LISD’s 2020 academic calendar. (Image courtesy LISD)

The board also approved a guaranteed maximum price of $4.6 million for the 10-classroom addition to Vickery Elementary School, which was provide for in the 2017 bond package, and received annual updates on its finances and bilingual program.

The comprehensive financial report for fiscal year 2018, conducted by Whitley Penn, had no major findings. Net revenues were $558.2 million, representing a decrease of $75.6 million from the previous year. Property tax revenue was up $39.9 million as property values rise across the district, but Texas contributed $29.6 million less. The majority of the decrease was represented by a $102.3 million reduction in operating grants revenue from GASB no. 75 entries. More than 92 percent of the district’s revenue came from property taxes in FY 2018. You can read the full audit here.

What the board did not pass, after discussion that totaled almost 40 minutes between the two items, were new districting maps in the western portion of the district. Both items were tabled. One of these plans rearranges the zoning between Bridlewood and Flower Mound elementary schools, and the other moves a new development, the Villas at Southgate on the shore of Grapevine Lake, from Bluebonnet Elementary, which is near capacity, to Old Settlers Elementary.

Both of these zoning items were first presented at the Sept. 24 work session, which is where the recently passed Lewisville rezoning items were first presented. These items were considered less urgent since they didn’t involve a school that is closing at the end of the year, and so they were staggered a month back in the schedule. Chief schools officer Joseph Coburn went through the same process of holding extensive community meetings at the affected schools to explain exactly what would happen over the past weeks.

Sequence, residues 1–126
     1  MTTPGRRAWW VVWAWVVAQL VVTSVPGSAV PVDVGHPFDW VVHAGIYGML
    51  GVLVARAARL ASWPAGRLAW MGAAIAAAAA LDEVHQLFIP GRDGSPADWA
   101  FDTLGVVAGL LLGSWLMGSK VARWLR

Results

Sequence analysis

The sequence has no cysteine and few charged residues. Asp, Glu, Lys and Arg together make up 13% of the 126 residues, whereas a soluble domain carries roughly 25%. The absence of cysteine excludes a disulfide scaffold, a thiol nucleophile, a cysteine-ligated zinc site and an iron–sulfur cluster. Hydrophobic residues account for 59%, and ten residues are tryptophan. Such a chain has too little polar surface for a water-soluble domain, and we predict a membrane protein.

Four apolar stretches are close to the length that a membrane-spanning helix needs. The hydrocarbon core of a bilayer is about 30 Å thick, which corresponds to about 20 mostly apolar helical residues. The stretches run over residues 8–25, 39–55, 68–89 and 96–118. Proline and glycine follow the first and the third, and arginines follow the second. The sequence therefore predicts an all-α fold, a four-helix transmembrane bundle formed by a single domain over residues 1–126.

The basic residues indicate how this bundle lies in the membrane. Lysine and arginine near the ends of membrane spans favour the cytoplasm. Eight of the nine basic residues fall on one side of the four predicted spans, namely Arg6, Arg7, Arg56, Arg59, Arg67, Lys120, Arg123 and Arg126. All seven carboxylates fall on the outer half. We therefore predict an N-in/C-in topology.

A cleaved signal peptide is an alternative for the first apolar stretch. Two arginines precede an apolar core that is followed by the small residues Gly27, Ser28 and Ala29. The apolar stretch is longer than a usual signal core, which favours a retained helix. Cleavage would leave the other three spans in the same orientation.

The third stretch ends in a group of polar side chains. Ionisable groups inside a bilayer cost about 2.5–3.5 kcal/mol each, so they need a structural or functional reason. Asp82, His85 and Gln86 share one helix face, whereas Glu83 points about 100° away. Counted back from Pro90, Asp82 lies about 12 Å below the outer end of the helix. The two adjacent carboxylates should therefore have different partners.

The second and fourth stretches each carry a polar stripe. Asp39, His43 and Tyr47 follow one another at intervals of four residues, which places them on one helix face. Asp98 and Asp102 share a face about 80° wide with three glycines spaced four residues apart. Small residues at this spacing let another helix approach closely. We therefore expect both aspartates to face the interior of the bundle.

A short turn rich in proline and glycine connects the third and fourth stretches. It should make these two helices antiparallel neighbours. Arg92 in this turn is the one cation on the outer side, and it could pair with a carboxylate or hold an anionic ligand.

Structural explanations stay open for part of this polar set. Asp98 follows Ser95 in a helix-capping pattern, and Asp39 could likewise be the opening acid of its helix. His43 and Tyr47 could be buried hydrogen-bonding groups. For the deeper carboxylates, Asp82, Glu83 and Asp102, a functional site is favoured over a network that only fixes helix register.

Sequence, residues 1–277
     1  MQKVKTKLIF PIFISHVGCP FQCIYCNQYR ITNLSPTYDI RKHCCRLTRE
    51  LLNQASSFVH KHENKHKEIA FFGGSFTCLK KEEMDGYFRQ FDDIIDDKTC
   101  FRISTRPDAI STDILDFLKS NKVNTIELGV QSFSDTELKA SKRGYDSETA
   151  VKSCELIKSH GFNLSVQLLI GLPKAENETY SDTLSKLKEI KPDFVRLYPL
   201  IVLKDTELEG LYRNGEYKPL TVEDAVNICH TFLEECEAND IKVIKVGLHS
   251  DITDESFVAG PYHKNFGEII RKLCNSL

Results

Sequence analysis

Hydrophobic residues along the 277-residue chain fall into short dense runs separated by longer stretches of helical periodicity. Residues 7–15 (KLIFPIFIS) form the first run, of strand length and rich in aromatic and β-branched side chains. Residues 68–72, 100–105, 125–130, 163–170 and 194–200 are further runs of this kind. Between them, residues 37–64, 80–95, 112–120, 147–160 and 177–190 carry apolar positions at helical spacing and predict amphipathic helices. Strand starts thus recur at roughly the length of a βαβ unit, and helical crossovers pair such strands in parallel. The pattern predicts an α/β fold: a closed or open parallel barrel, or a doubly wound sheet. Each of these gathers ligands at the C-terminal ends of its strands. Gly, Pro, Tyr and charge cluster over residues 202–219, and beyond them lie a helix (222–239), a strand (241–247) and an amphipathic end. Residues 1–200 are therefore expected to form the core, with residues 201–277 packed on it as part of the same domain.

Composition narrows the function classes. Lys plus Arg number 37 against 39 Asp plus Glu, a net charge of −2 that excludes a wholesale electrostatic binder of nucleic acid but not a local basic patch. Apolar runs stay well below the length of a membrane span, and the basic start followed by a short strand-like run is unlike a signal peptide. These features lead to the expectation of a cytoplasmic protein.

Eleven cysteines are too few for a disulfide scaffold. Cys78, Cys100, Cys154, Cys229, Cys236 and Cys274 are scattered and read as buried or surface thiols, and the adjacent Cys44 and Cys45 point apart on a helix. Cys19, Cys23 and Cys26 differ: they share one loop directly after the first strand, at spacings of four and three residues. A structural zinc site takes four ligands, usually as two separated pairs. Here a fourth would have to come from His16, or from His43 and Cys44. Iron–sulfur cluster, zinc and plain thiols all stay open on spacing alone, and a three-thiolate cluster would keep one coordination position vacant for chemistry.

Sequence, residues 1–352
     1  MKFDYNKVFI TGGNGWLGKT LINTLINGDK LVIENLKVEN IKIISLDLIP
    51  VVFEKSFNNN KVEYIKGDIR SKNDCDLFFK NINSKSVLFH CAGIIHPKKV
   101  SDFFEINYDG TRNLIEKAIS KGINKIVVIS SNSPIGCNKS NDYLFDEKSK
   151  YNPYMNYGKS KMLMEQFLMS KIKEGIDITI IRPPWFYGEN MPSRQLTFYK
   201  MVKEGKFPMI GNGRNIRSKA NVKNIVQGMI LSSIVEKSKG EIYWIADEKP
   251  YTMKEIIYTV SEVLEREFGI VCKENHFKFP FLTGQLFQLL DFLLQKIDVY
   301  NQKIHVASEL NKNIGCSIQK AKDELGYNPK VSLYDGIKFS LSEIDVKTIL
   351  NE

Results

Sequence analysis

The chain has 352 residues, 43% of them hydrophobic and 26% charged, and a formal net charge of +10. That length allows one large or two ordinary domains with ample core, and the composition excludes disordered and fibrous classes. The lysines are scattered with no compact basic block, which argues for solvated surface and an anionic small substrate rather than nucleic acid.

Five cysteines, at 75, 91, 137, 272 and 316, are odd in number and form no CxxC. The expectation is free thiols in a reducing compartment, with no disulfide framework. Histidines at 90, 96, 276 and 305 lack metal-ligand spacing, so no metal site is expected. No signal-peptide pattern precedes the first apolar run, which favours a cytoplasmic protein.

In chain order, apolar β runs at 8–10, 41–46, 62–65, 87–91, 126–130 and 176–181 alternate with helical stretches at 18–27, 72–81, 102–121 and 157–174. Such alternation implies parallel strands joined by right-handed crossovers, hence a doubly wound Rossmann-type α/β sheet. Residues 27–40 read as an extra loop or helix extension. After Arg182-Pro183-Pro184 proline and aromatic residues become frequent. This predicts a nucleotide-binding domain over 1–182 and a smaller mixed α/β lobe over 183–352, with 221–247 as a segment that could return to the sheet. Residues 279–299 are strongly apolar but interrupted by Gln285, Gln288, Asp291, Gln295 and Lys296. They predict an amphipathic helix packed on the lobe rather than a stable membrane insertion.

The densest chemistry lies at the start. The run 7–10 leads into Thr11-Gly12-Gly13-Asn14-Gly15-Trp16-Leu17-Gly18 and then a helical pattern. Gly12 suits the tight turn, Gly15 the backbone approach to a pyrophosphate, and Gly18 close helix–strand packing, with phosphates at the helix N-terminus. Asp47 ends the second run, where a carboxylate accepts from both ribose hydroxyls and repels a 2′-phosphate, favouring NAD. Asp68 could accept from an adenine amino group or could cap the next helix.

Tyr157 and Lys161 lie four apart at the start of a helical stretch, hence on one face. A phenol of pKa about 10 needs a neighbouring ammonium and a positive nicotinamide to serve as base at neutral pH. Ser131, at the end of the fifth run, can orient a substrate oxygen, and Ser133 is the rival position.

Where the board passed the rezoning items surrounding the closing elementary schools in Lewisville without much discussion, they spent several minutes talking about the problems they had with these items. Most members voiced concerns about the plans, and almost all voted to table them and revisit the rezoning at a later date – board member Jenny Proznik voted against tabling one of them. Miller voiced concerns about breaking up Double Oak, and said he would have preferred a map that was not presented to the community.

“If I were going to split Double Oak and create some kind of bifrication, which I’m opposed to, I would make it different – in fact, I would make it to look like one of the initial plans we had,” Miller said. “But that’s not what was presented to community, so it’s not an option.”

Almost all board members expressed concern about reacting to development projects that hadn’t been fleshed out yet, such as the Southgate Villas.

“I’m really hesitant to approve this one, although I don’t have a problem with the map itself,” Lassahn said, referring to the second item. “I’m worried that they [Bluebonnet] are going to lose 80 students this next year, because I’m worried that some of these developments aren’t ready to push students in there, so they’re going to lose these students, they’re going to lose these staff members, they’re going to lose the dreaded specials, which really kind of stinks … From what I can see, I’m worried we’re jumping the gun on this one a little bit.”

The LISD Board of Trustees meets once monthly, usually with several informational sessions in between. You can find a full schedule of their meetings here.